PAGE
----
Spizaetus cirrhatus

Written by on November 19, 2010 in Indonesia Bird with 0 Comments

Spizaetus cirrhatus, Crested Hawk-eagle, Elang Brontok

The CreSpizaetus-cirrhatus, Crested Hawk-eagle, Elang Brontoksted Hawk-eagle or Changeable Hawk-eagle (Nisaetus cirrhatus), is a bird of prey of the family Accipitridae. They were formerly placed in the genus Spizaetus but studies pointed to the group being paraphyletic resulting in the Old World members being placed in Nisaetus (Hodgson, 1836) and separated from the New World species.

Changeable Hawk Eagles breed in southern Asia in India and Sri Lanka and from the SE rim of the Himalaya across Southeast Asia to Indonesia and the Philippines. This is a bird occurring singly (outside mating season) in open woodland, although island forms prefer a higher tree density. It builds a stick nest in a tree and lays a single egg.

The Crested Hawk-eagle is a medium-large raptor at about 60-72cm in length. It is a relatively slender forest eagle with some subspecies (especially limnaetus) being dimorphic giving the name of “Changeable”. This, and also a complicated phylogeny further complicates precise identification.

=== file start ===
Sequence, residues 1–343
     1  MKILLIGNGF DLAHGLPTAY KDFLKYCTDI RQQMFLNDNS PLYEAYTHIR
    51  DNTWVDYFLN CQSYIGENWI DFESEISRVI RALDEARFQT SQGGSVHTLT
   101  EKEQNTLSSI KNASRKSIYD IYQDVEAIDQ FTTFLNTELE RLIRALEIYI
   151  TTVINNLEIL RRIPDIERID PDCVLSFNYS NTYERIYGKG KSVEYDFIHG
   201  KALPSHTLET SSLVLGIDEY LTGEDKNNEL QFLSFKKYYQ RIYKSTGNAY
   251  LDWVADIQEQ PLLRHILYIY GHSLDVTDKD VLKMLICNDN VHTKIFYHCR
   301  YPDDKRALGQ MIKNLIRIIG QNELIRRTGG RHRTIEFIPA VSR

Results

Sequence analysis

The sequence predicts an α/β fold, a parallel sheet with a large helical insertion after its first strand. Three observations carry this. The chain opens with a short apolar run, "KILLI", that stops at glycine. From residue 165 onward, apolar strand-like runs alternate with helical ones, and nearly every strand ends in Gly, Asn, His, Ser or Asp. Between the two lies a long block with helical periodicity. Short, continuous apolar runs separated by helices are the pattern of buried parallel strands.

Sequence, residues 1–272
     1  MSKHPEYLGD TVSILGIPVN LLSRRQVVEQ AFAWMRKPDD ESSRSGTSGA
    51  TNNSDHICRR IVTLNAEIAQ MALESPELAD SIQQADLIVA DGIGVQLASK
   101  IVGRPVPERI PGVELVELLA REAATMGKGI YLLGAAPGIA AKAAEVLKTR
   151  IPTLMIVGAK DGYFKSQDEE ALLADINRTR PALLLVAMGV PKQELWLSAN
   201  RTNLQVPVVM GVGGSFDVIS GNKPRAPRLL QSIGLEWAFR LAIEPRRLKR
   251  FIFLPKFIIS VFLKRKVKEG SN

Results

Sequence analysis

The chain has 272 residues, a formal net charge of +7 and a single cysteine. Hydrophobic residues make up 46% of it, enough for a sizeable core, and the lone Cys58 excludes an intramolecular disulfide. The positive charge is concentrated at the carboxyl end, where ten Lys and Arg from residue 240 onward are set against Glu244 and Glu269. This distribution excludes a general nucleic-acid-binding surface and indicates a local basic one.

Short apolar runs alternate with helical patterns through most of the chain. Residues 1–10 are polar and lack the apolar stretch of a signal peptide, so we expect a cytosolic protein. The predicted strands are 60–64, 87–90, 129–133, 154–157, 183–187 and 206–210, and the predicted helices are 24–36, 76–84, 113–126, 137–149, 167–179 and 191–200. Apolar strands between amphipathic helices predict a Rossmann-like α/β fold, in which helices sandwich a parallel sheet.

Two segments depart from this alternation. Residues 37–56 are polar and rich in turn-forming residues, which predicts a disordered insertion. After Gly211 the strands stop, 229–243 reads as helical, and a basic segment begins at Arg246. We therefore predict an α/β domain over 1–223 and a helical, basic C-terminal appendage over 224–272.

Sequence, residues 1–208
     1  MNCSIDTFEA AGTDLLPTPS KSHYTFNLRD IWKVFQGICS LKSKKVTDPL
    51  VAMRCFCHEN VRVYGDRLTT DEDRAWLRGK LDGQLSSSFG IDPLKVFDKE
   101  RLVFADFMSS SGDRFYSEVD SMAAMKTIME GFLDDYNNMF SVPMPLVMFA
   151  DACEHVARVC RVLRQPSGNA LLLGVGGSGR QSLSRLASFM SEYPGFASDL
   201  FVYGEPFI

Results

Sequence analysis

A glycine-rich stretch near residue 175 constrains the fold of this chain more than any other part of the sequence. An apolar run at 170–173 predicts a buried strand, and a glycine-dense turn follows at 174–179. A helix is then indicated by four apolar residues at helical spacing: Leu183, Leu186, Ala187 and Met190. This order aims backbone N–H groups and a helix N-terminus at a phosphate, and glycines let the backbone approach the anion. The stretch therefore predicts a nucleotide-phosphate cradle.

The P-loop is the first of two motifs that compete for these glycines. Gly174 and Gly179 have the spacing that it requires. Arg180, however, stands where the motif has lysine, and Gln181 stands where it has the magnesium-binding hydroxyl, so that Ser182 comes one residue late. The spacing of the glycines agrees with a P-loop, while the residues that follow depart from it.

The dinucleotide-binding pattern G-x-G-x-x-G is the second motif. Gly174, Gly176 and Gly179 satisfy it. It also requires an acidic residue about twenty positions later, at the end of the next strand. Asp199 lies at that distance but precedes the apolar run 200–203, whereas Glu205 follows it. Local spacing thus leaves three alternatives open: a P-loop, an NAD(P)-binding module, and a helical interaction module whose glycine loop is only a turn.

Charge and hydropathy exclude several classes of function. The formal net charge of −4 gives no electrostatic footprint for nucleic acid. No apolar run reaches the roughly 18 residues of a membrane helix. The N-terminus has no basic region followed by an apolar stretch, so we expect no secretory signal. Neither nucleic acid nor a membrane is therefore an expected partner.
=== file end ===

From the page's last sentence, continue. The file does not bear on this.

Normally brown above; white below with barring on the undersides of the flight feathers and tail; black longitudinal streaks on throat and chocolate streaks on breast. Some subspecies have a crest of four feathers, but this is all but absent in others. Sexes alike; female larger, and young birds are often whiter-headed and less patterned.

The wings are long and parallel-sided, and are held flat in flight, which helps to distinguish this species from the similar Mountain Hawk Eagle. In overhead flight, comparatively rounded wings (upturned at tip), longish tail, white body (spotted with brown) and grey underside of wings (streaked and spotted) are leading pointers.

Call: A loud, high-pitched ki-ki-ki-ki-ki-ki-ki-ki-kee, beginning short, rising in crescendo and ending in a scream.

Ecology

Changeable Hawk Eagles eat mammals, birds and reptiles. They like to keep a sharp lookout perched bolt upright on a bough amongst the canopy foliage of some high tree standing near a forest clearing (see photos). There they wait for junglefowl, pheasants, hares and other small animals coming out into the open. The bird then swoops down forcefully, strikes, and bears the prey away in its talons (Ali & Daniel1983).

Nesting

* Season: December to April.
* Nest: a large stick platform lined with green leaves, high up in a forest tree.
* Eggs: a single one, greyish white, unmarked or with faint specks and blotches of light reddish at the broad end.

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